WASHINGTON –– The Department of Homeland Security has been regularly “misleading” Congress and the public by denying it was separating thousands of children from parents at the border and failing to give the House Homeland Security Committee documents related to the border wall that the president has ordered to be built, Committee Chairman Bennie Thompson said Wednesday.
“When it comes to border security, what the American people have heard from the Trump administration is misleading at best,” Thompson said at the House Homeland Security committee hearing.
Last spring, DHS secretary Kirstjen Nielsen denied accusations that DHS was systematically separating children from their families despite multiple reports in the news.
The practice continued until President Donald Trump signed an executive order in June meant to stop the policy after growing public pressure.
“The secretary has said the administration had no policy to separate children from their parents, but internal memoranda make clear she was aware the administration’s policy would require families to be separated,” Thompson said.
Nielsen said that parents who are deported have the opportunity to take their children with them.
“No parent who has been deported to my knowledge without multiple opportunities to take their children with them,” Nielsen said.
But Thompson said that those parents often do not have lawyers to help them.
When pressed by Rep. Kathleen Rice, D-N.Y., on whether she knew about the zero-tolerance policy of then-Attorney General Jeff Sessions, who was instrumental in executing this plan, Nielsen deflected.
“It’s not a policy, it’s a law. We enforce the law,” she said, arguing that DHS was simply trying to protect the border.
Rep. Peter King, R-N.Y., cautioned that members of the criminal gang MS-13 often come over the border illegally.
“Is there increased vetting as to knowing whether or not these unaccompanied minors have any MS-13 connections?” King asked in what was a consistent Republican attempt to shore up support for Trump’s national emergency declaration.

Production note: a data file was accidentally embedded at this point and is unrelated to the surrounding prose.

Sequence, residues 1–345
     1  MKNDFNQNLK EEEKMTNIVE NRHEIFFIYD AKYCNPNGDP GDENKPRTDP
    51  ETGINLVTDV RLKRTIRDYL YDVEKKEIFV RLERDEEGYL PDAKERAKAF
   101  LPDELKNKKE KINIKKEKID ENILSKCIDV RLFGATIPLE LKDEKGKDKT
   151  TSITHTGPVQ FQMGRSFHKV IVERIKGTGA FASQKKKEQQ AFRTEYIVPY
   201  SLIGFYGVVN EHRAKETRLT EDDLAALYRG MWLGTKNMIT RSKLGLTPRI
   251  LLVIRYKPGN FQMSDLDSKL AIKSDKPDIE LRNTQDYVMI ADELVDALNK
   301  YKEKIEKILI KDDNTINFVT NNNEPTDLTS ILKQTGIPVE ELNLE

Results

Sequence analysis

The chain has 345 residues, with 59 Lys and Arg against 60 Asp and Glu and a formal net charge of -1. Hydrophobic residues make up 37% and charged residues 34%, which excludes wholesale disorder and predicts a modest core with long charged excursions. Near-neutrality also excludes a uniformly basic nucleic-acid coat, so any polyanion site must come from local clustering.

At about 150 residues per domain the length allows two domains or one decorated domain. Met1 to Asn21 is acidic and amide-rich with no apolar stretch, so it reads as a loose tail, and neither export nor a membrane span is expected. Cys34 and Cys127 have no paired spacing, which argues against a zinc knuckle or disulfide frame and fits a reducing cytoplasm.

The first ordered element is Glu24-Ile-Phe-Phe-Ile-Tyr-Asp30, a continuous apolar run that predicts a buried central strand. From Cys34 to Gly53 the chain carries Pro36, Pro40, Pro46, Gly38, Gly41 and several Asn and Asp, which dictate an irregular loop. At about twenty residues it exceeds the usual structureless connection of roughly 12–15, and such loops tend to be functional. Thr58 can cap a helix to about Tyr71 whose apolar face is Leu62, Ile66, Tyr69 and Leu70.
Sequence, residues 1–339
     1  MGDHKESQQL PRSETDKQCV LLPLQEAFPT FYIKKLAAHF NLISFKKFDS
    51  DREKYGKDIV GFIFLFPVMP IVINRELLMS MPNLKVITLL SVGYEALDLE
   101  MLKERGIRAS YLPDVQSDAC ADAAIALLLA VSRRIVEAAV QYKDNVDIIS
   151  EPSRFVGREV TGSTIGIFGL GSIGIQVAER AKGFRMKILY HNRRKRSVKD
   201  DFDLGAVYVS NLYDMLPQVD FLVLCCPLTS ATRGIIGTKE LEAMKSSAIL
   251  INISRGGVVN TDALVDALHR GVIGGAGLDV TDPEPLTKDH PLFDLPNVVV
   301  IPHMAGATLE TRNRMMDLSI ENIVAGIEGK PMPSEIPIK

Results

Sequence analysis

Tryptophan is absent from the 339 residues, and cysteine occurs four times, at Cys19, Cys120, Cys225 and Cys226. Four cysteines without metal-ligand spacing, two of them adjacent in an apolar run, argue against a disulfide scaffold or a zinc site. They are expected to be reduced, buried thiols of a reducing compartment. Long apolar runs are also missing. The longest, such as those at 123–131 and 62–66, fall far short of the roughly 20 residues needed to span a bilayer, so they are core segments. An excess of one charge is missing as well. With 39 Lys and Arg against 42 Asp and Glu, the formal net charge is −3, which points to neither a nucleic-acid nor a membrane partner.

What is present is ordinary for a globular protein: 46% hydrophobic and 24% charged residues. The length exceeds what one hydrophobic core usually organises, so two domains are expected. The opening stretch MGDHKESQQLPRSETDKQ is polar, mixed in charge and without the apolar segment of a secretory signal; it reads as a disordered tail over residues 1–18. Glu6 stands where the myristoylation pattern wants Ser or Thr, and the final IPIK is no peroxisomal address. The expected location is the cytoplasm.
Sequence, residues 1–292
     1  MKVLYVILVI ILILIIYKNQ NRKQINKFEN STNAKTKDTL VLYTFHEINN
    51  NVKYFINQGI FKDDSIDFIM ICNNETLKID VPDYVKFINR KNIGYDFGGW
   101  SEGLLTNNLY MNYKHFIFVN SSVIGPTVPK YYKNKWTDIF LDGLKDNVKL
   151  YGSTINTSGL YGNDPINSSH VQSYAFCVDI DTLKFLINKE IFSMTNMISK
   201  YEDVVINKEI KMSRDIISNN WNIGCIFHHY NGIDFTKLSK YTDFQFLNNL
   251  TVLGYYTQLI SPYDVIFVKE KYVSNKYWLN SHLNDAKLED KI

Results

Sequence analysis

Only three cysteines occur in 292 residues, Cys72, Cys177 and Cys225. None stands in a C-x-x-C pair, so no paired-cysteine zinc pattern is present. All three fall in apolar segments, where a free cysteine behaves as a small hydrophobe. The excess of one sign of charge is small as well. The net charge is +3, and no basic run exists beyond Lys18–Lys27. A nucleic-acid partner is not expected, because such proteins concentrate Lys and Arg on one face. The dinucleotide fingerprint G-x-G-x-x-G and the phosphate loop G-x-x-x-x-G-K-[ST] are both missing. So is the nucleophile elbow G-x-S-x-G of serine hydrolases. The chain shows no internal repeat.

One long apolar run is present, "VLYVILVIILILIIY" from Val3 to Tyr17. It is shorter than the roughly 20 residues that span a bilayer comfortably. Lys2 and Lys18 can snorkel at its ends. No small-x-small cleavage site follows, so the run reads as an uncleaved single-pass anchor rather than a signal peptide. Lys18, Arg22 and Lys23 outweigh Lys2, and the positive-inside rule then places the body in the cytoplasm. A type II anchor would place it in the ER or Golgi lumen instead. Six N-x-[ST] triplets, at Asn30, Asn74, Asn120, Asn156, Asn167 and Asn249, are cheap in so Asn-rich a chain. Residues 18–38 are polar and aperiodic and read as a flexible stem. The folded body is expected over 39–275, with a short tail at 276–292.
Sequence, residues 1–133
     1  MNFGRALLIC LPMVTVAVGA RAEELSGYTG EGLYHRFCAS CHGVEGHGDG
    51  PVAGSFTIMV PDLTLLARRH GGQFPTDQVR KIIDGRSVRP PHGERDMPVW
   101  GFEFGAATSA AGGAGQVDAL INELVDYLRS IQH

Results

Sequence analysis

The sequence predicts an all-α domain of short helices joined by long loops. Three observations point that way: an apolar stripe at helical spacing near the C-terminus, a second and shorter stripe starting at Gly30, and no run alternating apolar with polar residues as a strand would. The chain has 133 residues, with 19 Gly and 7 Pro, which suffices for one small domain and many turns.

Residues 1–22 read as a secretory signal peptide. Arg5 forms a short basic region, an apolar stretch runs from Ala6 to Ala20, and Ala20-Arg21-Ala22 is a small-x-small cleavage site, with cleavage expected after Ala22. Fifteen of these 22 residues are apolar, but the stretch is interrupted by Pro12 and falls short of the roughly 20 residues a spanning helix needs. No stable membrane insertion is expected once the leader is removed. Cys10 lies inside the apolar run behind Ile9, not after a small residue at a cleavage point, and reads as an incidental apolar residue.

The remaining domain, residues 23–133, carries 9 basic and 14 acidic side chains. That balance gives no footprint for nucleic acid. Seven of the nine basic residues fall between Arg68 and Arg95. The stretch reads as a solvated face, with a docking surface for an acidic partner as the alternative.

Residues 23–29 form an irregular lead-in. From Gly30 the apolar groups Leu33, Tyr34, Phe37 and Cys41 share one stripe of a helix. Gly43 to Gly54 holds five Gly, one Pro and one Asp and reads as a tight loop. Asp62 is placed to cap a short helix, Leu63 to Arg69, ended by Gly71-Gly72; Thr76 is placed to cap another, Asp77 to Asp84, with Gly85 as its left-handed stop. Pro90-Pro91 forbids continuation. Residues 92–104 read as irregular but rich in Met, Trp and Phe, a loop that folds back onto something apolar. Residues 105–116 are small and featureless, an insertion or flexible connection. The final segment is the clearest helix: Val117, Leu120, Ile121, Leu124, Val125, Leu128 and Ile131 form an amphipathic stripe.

The House voted earlier this week to overturn Trump’s national emergency and Senate Democrats appear to have enough GOP votes to overturn it there, too. Trump has said he would veto it.
“This is not a manufactured crisis, this is truly an emergency,” Nielsen said.
House Republicans echoed this sentiment, emphasizing the volume of drugs coming through the southern border, especially cocaine and fentanyl.
According to U.S. Customs and Border Protection, more than 76,000 migrants crossed the border illegally in February, an 11-year high.
“We have D-Day every month on our southern border,” said Rep. Clay Higgins, R-La., referring to the 73,000 troops that participated in the World War II invasion. “Of course, none of us want to separate families.”
These numbers, though, are still much lower than historic levels. While officials arrested 396,579 migrants crossing the border in 2018, they arrested about 1.64 million in 2000.
Rep. Lauren Underwood, D-Ill., asked Nielsen if DHS knew the health risks associated with children being separated from their families, including higher risks of cancer, anxiety, learning disabilities and substance abuse, which compound over time.
Nielsen did not give conclusive answers to most of Underwood’s questions, but noted that children are still being separated from their families in certain cases.
“They don’t want people to know what is happening at the southern border,” said Rep. Natalie Barragán, D-Calif. “You wanted to separate children and families, and you wanted to do it with compassion. Do you know how outrageous that sounds?”